Facebook’s ongoing charm offensive with publishers will likely spark more media owners to seek advertising alliances, according to AppNexus chief executive Brian O’Kelly.
Speaking to The Drum after unveiling three new products at its summit yesterday (10 June), O’Kelly said Facebook’s ongoing charge to bring news sites more deeply into its folds, the latest iteration of which saw it introduce CMS Instant Articles, will likely push publishers to drop their traditional rivalries and unite in order to fight back against the media tech giant.
“Facebook is trying to get publishers to basically give up their websites and their audiences, and that’s forcing publishers to see each other less as competitors and more as allies. It used to be you would fight with your other local newspapers for audience and dollars – now they aren’t the scariest competitors around and that forces different behaviours,” he said.
AppNexus is the adtech backbone for the UK premium publisher alliance, led by the Association of Online Publishers (AOP) and including the Telegraph, Times Inc and Dennis. Although it is still early days for the alliance O’Kelly described Europe as a fertile stomping ground for these kinds of coalitions – more so than the US.
“Fragmentation breeds innovation and Europe is fragmented into multiple markets, and that allows for different pockets of innovation. Whereas in the US it’s only one market, so once the whole market shifts in one direction it’s hard to bring it back.”
The AOP programmatic alliance has been modelled on France’s La Place coalition and it is this ability to learn from what has worked and what hasn’t in other European markets that makes Europe such a strong hub for adtech innovation, added O’Kelly.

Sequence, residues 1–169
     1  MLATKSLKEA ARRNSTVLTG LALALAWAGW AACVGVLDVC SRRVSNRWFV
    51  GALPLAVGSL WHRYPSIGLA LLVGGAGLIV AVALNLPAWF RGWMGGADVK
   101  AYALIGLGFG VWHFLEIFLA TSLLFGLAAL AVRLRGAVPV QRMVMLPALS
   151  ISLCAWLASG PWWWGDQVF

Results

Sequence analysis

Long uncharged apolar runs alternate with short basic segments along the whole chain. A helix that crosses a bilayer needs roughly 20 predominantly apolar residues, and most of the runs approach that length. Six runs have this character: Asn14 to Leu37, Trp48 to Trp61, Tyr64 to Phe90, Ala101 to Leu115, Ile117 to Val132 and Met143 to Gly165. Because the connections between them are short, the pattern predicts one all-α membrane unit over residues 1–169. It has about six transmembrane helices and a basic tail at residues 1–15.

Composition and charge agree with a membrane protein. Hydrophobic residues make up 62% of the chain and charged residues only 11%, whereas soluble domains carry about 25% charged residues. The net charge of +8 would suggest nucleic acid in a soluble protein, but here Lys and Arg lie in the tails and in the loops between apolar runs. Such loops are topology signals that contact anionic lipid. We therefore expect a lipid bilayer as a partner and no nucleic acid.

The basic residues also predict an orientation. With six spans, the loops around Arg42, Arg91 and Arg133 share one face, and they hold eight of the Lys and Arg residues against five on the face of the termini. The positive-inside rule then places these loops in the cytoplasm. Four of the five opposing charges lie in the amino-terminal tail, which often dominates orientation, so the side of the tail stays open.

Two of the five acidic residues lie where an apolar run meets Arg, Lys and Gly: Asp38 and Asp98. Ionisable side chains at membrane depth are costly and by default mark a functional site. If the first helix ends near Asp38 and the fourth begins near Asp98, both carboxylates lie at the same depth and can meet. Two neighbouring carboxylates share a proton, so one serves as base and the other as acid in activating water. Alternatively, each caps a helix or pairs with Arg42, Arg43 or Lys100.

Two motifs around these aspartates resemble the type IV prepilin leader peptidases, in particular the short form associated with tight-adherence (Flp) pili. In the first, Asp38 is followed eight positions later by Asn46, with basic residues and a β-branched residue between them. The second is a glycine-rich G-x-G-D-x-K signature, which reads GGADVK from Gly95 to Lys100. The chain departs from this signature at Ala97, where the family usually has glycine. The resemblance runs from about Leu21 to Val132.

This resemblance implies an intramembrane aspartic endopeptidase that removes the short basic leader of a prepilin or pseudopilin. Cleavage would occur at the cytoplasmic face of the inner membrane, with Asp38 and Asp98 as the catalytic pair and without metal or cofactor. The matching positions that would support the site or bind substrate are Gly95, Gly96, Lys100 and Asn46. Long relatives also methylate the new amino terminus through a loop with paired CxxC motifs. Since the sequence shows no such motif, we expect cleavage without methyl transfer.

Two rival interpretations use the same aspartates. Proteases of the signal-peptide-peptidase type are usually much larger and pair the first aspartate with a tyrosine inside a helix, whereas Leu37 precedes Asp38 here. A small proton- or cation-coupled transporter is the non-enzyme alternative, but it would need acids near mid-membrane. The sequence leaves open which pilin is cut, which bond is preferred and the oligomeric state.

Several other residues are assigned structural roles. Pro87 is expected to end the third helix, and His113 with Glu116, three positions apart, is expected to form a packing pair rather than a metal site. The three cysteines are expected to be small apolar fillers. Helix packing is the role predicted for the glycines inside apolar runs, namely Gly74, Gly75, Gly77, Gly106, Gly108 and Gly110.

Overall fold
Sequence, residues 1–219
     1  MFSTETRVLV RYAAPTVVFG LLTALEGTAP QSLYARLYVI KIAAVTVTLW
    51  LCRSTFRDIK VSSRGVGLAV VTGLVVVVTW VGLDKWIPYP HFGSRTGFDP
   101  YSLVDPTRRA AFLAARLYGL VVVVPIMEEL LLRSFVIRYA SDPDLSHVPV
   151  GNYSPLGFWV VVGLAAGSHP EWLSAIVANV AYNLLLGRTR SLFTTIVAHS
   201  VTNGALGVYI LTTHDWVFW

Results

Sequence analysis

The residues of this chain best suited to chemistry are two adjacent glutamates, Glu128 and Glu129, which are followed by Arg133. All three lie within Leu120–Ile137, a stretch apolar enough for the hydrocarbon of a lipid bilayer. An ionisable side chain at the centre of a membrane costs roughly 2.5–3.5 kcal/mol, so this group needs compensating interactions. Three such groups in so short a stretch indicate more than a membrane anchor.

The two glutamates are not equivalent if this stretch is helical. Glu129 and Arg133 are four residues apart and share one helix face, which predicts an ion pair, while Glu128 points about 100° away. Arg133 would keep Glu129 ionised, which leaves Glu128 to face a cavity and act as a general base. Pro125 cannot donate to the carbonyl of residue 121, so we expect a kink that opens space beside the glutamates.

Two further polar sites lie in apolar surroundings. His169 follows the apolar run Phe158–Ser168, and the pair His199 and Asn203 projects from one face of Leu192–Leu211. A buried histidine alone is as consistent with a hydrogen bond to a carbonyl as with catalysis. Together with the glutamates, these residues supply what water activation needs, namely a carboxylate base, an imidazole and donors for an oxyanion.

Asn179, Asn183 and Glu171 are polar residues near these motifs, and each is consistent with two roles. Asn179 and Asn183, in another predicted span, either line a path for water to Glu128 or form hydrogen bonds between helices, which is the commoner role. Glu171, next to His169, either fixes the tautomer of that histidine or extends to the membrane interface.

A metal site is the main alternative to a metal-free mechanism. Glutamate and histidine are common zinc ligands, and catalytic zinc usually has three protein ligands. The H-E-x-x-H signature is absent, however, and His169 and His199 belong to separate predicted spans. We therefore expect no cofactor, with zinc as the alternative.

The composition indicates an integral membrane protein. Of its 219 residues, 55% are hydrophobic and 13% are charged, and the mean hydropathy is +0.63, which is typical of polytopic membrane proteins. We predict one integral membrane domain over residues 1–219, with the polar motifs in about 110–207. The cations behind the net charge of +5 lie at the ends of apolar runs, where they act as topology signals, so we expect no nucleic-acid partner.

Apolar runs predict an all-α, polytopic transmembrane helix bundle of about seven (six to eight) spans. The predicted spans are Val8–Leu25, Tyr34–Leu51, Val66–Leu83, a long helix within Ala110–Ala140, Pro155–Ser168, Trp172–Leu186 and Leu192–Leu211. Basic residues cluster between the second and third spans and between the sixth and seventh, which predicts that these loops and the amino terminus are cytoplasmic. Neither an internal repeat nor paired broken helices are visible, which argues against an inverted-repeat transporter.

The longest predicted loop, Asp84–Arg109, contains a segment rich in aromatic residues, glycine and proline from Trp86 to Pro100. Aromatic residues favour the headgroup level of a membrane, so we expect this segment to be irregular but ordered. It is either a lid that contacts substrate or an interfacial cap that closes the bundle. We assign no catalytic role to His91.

The publishing landscape is also splintered in the UK, making alliances such as the AOP one critical for survival if publishers are to maintain good yields.
“The challenges publishers have everywhere is that agencies have a lot of power, especially in the UK and Europe, in fact agencies tend to have more power than publishers. In the US it is much more publisher centric because you have publisher giants Facebook and Google which can beat up the agencies. Whereas here the agencies often beat up the publishers, so it’s an interesting dynamic.
“This is why the AOP alliance is so important – it’s about how can you get 30-odd publishers together and try and create some more leverage there to get a fair price, and hopefully combine their teams and get some people efficiencies and combine their data – all of this we hope will happen with AOP, so they can actually stand up as an entity.
“Otherwise the buyers will just use them against each other and because none of them are as big as Facebook they really can’t say no because it wouldn’t put a marketer out of business if they couldn’t buy from these second-tier publishers but Facebook drives a huge amount of the traffic to these marketers, so it’s all about leverage.”
The AOP alliance isn’t the only premium publisher programmatic alliance in town, with the Guardian leading its own efforts along with the Financial Times and global publishers CNN International and Reuters. O’Kelly described the global nature of the venture, called Pangaea, as “very interesting” but added that it will be “hard to pull off” given the market dynamics between the US and Europe are so different.
Yesterday AppNexus unveiled three new products, listed below:
- It launched its first video buying product designed with wide audience, targeted reach and competitive pricing.
- Introduced IQ, a suite of policies, products and features incorporating strict domain transparency standards and pre-bid policy enforcement, along with spend protection for advertisers.
- Introduced a programmable bidder – a technology created to remove the “black box” practices of certain third parties and give clients more control over their data. This means advertisers and agencies can upload their proprietary algorithms directly to the AppNexus open platform and then optimise campaign outcomes.